SkyBridge Capital’s Crypto Pivot Looks to Triple its Assets

Hedge fund SkyBridge founder Anthony Scaramucci said he plans to shift the pace of SkyBridge Capital’s investment to virtual digital assets, according to Bloomberg.

SkyBridge is a global multi-asset class alternative investments firm, specializing in hedge fund solutions and opportunistic investment vehicles.

According to Scaramucci, nearly half of SkyBridge Capital’s $3.5 billion in assets under management is currently invested in cryptocurrencies such as Bitcoin, the Algorand protocol, and Ethereum or related projects.

SkyBridge predicts that cryptocurrencies can help companies triple their assets to $10 billion, with digital assets accounting for the vast majority.

Anthony Scaramucci said in an interview that:

“We feel so strongly about this opportunity that we’ve adapted and repositioned the firm to eventually be a leading cryptocurrency asset manager and adviser.”

The hedge fund, founded by former White House Communications Direction Scaramucci, has a Bitcoin Fund, which demands a buy-in of at least $50,000. The Bitcoin Fund grew rapidly to a size of $370 million within weeks of its launch in December 2020.

The SkyBridge executives claimed that holding Bitcoin is far less risky nowadays than it was a few years ago when regulations and infrastructure were still underdeveloped.

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SEC rejects Skybridge’s application for spot Bitcoin ETF

The United States Securities and Exchange Commission, or SEC, has officially disapproved the application for First Trust SkyBridge’s spot Bitcoin exchange-traded fund after several deferments.

In a Thursday filing, the SEC rejected a proposed rule change from the New York Stock Exchange, or NYSE, Arca to list and trade shares of the First Trust SkyBridge Bitcoin ETF Trust. The SEC said any rule change in favor of approving the ETF would not be “‘designed to prevent fraudulent and manipulative acts and practices” nor “protect investors and the public interest.”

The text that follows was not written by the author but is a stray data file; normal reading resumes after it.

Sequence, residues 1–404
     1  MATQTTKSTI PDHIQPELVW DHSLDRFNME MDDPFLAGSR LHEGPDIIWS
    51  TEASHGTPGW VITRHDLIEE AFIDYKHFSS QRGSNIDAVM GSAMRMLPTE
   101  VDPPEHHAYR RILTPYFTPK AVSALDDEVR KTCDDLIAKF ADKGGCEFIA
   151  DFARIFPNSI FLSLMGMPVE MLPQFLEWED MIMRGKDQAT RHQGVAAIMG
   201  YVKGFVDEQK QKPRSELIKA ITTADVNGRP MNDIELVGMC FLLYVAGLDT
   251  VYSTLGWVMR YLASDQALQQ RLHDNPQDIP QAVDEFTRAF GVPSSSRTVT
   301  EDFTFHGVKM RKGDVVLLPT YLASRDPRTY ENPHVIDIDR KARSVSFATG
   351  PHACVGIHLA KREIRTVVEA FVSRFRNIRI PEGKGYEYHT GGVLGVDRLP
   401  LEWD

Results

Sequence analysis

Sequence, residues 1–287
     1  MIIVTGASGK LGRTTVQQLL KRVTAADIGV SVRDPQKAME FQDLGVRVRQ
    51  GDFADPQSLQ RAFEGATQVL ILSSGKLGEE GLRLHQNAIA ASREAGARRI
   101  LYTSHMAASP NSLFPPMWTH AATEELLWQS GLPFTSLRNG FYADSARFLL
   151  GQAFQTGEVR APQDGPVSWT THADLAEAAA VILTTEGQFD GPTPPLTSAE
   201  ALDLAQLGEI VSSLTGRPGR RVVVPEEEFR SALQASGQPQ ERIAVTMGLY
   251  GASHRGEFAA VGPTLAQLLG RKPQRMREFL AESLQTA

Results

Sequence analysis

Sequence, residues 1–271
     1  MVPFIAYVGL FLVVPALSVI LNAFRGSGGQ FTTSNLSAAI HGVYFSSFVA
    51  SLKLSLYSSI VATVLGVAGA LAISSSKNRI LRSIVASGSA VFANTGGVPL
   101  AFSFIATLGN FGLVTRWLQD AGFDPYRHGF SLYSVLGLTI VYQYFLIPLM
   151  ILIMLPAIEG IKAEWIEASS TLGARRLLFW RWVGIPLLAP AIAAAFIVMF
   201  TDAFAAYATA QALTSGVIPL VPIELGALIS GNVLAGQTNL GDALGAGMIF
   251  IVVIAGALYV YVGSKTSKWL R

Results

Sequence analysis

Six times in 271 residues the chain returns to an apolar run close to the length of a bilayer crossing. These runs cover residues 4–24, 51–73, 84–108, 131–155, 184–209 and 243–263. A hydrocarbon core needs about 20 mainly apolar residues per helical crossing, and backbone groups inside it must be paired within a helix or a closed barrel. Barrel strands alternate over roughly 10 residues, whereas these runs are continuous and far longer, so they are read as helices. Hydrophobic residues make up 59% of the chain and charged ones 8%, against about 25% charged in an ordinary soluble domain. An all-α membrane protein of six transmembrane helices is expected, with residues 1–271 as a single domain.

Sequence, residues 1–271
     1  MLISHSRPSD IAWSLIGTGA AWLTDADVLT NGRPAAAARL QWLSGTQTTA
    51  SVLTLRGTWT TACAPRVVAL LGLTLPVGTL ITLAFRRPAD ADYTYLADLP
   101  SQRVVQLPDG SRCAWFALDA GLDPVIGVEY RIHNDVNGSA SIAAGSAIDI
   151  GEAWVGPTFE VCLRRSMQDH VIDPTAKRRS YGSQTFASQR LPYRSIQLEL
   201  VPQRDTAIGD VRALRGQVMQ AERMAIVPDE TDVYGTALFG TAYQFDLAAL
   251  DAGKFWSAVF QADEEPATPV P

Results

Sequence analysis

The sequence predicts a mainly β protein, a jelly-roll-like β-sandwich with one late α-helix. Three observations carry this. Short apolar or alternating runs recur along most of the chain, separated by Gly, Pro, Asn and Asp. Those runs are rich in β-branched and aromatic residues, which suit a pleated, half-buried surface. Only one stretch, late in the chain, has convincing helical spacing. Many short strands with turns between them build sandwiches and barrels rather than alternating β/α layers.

The decision follows SkyBridge first applying to list a Bitcoin ETF on the NYSE in March 2021. The SEC twice designated a longer period to approve or disapprove the proposed rule change for the ETF in July and November before reaching its decision today.

In its rejection, the SEC said that the NYSE had not met the requirements of listing a financial product under its rules of practice as well as those of the Exchange Act. Under these restrictions, exchanges seeking to list a BTC ETF need to have “a comprehensive surveillance-sharing agreement with a regulated market of significant size related to the underlying or reference bitcoin assets.”

The NYSE Arca used a $10 million market order example to claim that buying and selling large amounts of Bitcoin (BTC) would have an “insignificant market impact.” The exchange also hinted at Tesla’s $1.5 billion BTC purchase in February as an example of gaining exposure to crypto through the company’s shares, arguing for the need for a different investment vehicle with exposure to BTC as opposed to “imperfect bitcoin proxies” which provide only “partial bitcoin exposure paired with additional risks.”

The commission rejected these claims, citing similar reasons for disapproving Bitcoin spot ETFs from asset manager VanEck in November and WisdomTree in December. To date, the SEC has not approved any ETF with direct exposure to crypto, but has given the greenlight to offerings linked to BTC futures, including ones from ProShares and Valkyrie.

Related: ETFs listed — What’s next for Bitcoin?

A separate decision for a Bitcoin ETF application from the New York Digital Investment Group, or NYDIG, is expected by March 16. The application is still under review after being delayed on Jan. 15.